The study focused on two versions of the APOA2 gene: C and T. Scientists tested all subjects for which one they had. Additionally, they calculated BMI and collected data on diet by using a survey. Once they had this data, they looked for a relationship between the APOA2 version and BMI. Nothing obvious showed up. However, when they started to look closely at how fat intake factored in, they found an interesting effect. They divided the subjects into two groups. One group consisted of people who ate diets high in saturated fats. We'll call this the "high-fat" group. The rest of the subjects were in the low-fat group, having diets low in saturated fats. In the high-fat group, people who only had the C version had significantly higher BMIs than those with a T version. The result suggests that this gene can affect a person's weight. However, scientists also had a result that suggested this wasn't strictly true. If BMI is simply based on the APOA2 gene, then people with the C version in the low-fat group would also be heavier. But that wasn't the case. In the low-fat group, it didn't matter what version of the gene a person had. A person's BMI was pretty much the same whether he or she had the C or T version. So, on a low-fat diet, the APOA2 version doesn't matter. On a high-fat diet, it does. Of course, there are many things that go into how much a person weighs. For instance, age and gender may make a difference. And there's exercise. What if the T group is more likely to work out and that's what causes lower BMIs? The average age between the T and C groups was about the same. The male/female ratio was also about the same. As for exercise, when scientists compensate for it, the C group still has a significantly higher BMI than the T group in the high-fat group. So, what a person eats matters when it comes to weight. And so do genes. Some genes, like those that affect eye color or baldness, are not really affected by what a person does. Other genes really depend on a person's environment. For example, height and how likely it is to tear an ACL have been correlated with different genes. A malnourished child may never reach her full height potential and an inactive person may never be in a situation to hurt his ACL. Many traits are the result of what is in a person's DNA and what that person does with it.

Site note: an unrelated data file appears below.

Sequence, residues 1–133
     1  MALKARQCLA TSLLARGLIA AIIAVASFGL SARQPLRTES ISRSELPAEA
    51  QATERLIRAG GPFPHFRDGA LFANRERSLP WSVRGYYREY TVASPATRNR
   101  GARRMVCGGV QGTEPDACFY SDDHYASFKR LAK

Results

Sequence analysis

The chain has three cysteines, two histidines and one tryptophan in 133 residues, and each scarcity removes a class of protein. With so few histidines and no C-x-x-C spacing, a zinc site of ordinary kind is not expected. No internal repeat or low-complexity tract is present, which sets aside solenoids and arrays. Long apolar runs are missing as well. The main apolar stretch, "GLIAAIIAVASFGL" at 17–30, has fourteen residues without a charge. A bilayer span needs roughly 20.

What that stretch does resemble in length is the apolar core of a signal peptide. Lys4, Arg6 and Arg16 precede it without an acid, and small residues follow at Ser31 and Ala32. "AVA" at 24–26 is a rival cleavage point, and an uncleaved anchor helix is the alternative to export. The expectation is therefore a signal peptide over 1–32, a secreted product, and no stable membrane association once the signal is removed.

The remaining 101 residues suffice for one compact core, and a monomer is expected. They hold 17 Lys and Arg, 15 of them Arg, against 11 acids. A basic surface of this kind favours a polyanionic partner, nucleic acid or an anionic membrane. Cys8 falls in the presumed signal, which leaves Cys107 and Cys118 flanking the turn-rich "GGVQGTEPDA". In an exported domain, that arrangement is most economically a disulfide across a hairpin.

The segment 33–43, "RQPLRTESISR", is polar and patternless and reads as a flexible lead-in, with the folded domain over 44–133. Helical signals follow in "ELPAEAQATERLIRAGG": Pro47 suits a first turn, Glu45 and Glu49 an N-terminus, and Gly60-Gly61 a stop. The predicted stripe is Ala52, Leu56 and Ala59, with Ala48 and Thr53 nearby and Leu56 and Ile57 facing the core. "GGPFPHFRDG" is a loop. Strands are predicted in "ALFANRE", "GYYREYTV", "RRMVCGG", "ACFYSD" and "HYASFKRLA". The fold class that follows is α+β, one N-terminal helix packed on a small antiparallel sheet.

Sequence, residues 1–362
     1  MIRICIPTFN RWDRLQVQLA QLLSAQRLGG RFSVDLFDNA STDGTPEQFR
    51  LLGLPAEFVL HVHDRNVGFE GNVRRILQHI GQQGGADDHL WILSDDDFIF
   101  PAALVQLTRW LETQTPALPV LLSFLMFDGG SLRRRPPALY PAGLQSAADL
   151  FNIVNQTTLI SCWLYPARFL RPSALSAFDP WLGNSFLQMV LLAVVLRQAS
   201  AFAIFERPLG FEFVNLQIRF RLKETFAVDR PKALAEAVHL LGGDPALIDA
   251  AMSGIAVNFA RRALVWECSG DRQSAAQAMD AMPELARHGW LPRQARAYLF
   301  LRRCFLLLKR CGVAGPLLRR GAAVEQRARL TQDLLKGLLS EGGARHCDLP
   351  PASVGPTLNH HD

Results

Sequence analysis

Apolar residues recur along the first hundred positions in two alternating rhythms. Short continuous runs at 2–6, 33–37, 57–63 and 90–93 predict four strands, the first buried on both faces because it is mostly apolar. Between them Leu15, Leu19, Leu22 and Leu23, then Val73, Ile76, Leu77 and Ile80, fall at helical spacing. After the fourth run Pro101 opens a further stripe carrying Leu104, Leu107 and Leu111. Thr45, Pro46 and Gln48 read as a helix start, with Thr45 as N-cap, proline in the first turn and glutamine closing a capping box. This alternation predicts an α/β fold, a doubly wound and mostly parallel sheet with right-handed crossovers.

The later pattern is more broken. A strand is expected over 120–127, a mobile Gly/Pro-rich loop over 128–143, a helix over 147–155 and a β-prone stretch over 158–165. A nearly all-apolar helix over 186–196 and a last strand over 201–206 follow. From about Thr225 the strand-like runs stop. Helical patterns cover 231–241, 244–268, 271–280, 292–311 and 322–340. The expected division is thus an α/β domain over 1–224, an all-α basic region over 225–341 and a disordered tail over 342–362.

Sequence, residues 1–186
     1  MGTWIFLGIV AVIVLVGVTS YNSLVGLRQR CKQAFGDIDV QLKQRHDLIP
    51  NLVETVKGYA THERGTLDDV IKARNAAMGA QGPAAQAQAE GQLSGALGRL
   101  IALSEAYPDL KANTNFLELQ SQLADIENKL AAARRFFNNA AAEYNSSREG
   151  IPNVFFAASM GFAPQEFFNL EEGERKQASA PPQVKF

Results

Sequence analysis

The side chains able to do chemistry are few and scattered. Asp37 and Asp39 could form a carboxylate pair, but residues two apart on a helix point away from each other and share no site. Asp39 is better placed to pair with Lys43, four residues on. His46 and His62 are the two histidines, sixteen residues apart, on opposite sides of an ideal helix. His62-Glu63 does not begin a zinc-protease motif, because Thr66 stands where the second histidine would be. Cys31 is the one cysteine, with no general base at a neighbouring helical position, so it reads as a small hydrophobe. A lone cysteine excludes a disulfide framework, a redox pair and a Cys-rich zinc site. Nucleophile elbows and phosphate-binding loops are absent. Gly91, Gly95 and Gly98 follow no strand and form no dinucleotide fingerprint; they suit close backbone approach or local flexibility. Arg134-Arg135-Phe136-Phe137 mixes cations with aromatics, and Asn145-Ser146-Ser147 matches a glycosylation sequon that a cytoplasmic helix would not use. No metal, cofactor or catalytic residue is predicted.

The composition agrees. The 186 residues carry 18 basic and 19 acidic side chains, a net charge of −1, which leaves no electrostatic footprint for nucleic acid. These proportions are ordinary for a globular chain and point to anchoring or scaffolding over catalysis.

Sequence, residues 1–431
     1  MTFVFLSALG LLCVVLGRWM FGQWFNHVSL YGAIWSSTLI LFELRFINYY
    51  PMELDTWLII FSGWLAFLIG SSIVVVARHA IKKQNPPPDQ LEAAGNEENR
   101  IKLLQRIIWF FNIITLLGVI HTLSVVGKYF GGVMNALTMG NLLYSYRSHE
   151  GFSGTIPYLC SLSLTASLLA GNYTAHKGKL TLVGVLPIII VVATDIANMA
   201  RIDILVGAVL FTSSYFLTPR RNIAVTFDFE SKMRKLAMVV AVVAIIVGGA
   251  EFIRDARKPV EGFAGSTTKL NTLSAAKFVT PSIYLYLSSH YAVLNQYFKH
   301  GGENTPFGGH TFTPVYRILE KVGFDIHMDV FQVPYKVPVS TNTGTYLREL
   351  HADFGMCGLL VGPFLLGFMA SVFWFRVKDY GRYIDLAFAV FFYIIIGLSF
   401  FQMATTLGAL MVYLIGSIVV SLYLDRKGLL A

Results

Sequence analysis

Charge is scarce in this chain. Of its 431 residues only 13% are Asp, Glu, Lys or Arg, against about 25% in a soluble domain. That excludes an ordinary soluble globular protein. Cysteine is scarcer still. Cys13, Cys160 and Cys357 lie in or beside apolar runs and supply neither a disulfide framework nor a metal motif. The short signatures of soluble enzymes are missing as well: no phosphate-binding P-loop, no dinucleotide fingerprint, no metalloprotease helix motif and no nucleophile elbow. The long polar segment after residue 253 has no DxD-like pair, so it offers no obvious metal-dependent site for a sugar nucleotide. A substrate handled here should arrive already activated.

More Information

A small difference in
the APOA2 gene
can make a big
difference in weight.
Why This Study Matters
This recent study does not necessarily show something brand new. APOA2 had already been shown to affect BMI in people who ate a lot of fat. So why does this study matter? Many studies come out that are intriguing and have good science. However, studies like this that look for correlations between genes and a trait often fail to be confirmed when repeated. To gain real credibility in the field, a study has to be repeated and get the same result. This study is essentially doing that. And that strengthens the conclusion that the APOA2 gene interacts with saturated fat levels to affect BMI. In addition to that, the new study included a new, slightly different group. The original study included only Caucasian people. Looking specifically at one ethnic group makes it easier to see genetic differences that affect BMI (or any other trait). Being obese or overweight can lead to all sorts of increased health risks. Heart disease, cancer, and diabetes are just a few of them. Understanding the genetics of who is at high risk will benefit those in danger. Especially since they can do something easy to decrease their BMIs. They can start by simply eating fewer saturated fats. APOA2 is a great example of a gene that bridges the gap between nature and nurture. Finding more genes like it will help doctors and dieticians tailor diets to individuals. In the future, DNA may provide vital information about the healthiest environment for each person. Andrew Hellman
Obesity is a major health
concern and genetics
plays a role.